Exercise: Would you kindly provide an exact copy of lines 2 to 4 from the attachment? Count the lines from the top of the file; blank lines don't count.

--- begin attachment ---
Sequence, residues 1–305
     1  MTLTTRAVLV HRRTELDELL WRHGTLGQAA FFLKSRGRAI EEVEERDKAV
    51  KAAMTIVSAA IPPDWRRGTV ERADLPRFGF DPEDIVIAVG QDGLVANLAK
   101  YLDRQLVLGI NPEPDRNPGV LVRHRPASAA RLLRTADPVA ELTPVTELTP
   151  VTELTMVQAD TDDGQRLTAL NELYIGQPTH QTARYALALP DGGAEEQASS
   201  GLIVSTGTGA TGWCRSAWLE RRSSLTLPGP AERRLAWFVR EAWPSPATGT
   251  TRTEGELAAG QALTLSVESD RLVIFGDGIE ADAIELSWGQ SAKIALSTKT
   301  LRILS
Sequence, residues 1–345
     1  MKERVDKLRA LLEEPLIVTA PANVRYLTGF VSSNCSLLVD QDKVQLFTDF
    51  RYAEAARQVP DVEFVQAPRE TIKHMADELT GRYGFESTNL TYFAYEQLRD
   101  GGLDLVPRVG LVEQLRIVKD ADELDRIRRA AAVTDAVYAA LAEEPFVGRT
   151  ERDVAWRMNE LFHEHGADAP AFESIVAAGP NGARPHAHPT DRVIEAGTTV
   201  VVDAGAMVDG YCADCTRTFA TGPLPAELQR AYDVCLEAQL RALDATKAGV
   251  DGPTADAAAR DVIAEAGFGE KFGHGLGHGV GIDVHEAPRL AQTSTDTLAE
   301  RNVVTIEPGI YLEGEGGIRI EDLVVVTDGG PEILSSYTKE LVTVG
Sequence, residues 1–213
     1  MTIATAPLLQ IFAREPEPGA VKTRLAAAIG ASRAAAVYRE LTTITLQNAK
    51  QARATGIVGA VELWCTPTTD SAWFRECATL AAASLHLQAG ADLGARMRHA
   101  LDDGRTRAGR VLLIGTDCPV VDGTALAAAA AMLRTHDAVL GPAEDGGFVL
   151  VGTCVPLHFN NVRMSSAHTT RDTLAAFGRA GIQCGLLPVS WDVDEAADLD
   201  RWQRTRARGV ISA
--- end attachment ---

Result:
     1  MTLTTRAVLV HRRTELDELL WRHGTLGQAA FFLKSRGRAI EEVEERDKAV
    51  KAAMTIVSAA IPPDWRRGTV ERADLPRFGF DPEDIVIAVG QDGLVANLAK
   101  YLDRQLVLGI NPEPDRNPGV LVRHRPASAA RLLRTADPVA ELTPVTELTP